The most recent South African National HIV Prevalence, Incidence and Behaviour Survey conducted in 2012 incorporated new tools for generating greater information about the current state of the HIV epidemic from the national household survey. The results from the direct HIV incidence estimates from the multi-assay recent infection algorithm from the survey and estimates from more conventional modelling approaches to estimating incidence were found to generate fairly similar results. The 2012 household survey data also provided an opportunity to externally validate model projections over time.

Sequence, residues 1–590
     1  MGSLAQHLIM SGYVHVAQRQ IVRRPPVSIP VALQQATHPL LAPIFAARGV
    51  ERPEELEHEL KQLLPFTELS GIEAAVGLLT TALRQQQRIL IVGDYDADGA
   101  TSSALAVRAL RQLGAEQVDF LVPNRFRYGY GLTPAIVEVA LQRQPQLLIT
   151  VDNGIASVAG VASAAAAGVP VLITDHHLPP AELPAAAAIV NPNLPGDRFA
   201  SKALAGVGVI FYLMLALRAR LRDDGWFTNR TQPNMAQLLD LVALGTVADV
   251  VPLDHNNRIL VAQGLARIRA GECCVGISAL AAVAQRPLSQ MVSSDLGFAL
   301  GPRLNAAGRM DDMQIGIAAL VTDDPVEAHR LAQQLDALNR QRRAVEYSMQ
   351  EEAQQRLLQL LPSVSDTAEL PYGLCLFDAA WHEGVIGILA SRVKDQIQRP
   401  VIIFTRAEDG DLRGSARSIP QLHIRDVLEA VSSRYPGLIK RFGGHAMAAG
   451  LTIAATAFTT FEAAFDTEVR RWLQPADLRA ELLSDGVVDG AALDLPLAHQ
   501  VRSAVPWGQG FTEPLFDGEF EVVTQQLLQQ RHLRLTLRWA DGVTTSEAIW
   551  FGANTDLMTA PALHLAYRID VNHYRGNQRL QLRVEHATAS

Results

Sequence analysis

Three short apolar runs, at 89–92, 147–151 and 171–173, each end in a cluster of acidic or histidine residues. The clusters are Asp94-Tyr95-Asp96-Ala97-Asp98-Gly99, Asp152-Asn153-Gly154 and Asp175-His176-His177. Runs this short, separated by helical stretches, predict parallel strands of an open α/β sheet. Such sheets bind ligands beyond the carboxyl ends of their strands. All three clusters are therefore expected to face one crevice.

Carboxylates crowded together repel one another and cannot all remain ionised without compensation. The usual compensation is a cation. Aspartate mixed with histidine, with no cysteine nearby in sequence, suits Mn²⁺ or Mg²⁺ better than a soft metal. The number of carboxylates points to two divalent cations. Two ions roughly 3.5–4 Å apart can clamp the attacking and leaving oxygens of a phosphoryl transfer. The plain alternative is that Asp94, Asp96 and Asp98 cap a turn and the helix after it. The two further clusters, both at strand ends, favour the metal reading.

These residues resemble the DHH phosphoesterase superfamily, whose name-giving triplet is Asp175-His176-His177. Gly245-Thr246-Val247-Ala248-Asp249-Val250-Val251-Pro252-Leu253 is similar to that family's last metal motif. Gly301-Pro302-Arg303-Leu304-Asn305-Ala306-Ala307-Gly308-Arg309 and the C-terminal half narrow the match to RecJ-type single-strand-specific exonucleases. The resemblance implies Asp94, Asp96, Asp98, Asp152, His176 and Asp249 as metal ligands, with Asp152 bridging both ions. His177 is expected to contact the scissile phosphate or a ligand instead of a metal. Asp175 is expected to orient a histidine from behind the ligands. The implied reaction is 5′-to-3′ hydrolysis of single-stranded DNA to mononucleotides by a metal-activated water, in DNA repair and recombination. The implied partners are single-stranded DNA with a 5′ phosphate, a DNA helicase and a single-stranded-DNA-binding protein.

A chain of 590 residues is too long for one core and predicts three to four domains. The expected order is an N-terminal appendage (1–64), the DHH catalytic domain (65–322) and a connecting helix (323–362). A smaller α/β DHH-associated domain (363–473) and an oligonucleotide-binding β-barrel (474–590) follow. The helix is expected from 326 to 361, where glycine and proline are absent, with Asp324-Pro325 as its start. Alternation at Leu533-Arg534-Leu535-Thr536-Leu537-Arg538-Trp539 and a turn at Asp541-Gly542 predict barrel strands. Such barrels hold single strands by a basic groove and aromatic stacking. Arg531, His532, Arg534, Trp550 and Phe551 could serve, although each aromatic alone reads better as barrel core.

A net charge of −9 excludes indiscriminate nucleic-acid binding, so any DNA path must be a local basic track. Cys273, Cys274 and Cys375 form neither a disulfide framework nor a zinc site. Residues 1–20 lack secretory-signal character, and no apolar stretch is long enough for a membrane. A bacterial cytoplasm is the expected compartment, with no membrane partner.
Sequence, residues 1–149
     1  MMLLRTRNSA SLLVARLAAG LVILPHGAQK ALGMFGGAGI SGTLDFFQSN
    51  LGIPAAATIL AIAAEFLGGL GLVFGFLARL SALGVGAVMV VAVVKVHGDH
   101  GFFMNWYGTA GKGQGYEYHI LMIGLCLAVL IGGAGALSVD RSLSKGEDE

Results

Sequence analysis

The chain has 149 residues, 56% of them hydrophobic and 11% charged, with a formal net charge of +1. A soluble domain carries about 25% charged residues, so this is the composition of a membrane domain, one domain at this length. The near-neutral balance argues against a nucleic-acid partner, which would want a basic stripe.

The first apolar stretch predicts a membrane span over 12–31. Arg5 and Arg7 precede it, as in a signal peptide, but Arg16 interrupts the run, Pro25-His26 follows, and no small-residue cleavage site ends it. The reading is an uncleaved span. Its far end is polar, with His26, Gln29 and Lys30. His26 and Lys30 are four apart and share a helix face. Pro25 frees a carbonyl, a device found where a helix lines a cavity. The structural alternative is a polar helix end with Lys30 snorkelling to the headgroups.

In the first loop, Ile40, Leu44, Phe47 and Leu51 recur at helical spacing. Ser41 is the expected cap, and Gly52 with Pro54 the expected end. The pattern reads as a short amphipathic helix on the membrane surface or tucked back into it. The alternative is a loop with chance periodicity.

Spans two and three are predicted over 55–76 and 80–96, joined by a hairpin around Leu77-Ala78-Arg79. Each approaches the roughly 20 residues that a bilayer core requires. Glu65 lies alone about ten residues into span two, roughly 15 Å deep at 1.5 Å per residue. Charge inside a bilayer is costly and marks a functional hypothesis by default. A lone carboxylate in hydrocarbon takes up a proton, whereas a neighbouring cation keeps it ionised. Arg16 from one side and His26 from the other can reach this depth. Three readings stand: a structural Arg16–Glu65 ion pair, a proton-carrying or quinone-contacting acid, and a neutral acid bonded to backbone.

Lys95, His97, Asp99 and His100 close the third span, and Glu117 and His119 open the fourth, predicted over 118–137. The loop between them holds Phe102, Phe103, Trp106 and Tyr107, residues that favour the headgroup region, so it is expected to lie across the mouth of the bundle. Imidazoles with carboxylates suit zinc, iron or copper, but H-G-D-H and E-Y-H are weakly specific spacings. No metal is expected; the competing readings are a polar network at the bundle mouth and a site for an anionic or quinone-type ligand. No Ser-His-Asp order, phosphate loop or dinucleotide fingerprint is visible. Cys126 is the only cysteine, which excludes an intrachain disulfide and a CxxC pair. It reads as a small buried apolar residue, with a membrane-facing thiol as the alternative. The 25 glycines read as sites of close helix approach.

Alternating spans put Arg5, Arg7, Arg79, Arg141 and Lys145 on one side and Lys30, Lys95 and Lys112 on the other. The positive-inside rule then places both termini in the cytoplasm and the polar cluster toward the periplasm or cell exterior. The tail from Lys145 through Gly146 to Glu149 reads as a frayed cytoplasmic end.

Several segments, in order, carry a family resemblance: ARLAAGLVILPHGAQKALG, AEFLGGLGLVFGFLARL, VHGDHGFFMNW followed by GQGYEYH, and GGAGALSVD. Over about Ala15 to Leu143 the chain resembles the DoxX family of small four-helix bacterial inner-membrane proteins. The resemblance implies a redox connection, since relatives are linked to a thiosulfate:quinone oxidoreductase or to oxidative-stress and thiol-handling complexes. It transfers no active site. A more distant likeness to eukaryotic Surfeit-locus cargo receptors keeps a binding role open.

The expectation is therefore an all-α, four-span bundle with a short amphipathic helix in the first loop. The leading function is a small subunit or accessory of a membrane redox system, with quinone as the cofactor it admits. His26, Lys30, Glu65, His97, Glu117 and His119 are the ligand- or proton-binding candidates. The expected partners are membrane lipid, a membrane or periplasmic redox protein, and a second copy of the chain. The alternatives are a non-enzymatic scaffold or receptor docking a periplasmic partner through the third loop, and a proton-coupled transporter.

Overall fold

Many mathematical models have investigated the impact of HIV treatment as prevention in combination with other prevention strategies or other guidelines for HIV treatment provision. Generally, all models have predicted positive prevention benefits of HIV treatment, but directly comparing the results of different models has been challenging because each model has been used to answer different questions and has reported different key outcomes. In November 2011, the HIV Modelling Consortium convened a meeting with the aim to understand the extent to which different mathematical models agree about the potential impact of HIV treatment. The results of a model comparison exercise – in which each of the models simulated a standardised set of HIV intervention scenarios and reported common metrics of intervention impact – are reported here.